Arne Kalleberg studies labor force issues at the interface of sociology, economics, and psychology. He has written extensively on the emergence of nonstandard work arrangements such as temporary, contract, and part-time work in the U.S., Asia and Europe. His book, Good Jobs, Bad Jobs: The Rise of Polarized and Precarious Employment Systems in the United States, 1970s to 2000s (Russell Sage Foundation, 2011), examines the growing precarity of work and the polarization of jobs with regard to earnings as well as non-economic rewards such as the control people have over their work activities and schedules, especially in balancing work and family. His book, Precarious Lives: Job Insecurity and Well-Being in Rich Democracies (Polity Press, 2018) shows how labor market and social welfare protection policies help to alleviate the negative consequences of precarious work by examining six countries: Denmark, Germany, Japan, Spain, the U.K. and U.S. His most recent book is Precarious Asia: Global Capitalism and Work in Japan, South Korea and Indonesia (with Kevin Hewison and Kwang-Yeong Shin)(Stanford University Press, 2022).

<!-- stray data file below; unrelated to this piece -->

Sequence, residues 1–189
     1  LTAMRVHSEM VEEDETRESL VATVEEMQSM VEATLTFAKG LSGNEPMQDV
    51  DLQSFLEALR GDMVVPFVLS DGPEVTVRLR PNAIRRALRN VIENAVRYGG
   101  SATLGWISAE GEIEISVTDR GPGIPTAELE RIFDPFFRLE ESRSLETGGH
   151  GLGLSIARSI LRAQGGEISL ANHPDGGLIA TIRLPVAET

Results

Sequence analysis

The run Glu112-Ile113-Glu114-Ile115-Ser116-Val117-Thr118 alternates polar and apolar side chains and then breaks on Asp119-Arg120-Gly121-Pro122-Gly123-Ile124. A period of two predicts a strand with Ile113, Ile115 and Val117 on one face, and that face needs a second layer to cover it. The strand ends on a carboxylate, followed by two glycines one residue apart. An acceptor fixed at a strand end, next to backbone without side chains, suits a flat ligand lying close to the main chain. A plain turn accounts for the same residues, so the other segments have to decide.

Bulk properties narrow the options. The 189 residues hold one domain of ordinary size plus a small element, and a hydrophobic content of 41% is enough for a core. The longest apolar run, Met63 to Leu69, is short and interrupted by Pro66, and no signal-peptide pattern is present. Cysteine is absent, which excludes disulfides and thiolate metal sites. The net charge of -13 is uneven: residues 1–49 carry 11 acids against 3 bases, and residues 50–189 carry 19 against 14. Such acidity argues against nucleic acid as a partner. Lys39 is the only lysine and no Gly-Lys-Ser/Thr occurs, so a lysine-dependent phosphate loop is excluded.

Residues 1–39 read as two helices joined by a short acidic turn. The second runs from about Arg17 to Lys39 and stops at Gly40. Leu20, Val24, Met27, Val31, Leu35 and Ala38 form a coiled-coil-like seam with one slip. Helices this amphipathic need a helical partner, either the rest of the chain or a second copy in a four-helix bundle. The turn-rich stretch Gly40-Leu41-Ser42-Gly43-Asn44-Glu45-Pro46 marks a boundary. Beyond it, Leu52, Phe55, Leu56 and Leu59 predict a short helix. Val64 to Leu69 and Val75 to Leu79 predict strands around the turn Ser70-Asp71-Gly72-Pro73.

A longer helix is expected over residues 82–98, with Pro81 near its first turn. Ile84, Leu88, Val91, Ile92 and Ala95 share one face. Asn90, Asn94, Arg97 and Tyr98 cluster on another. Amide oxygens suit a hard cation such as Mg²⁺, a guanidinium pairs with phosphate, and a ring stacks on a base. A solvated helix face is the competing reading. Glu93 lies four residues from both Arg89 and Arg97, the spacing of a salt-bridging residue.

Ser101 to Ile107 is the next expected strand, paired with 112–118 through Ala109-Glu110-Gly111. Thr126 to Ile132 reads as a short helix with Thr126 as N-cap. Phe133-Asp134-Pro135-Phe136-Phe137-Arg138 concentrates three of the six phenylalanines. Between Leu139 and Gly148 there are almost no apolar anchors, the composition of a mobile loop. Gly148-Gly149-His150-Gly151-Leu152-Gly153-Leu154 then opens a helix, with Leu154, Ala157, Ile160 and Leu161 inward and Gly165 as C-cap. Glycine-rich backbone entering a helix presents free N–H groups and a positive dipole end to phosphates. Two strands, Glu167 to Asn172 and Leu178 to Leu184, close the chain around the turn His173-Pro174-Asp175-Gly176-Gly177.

A list of my publications can be found on my CV
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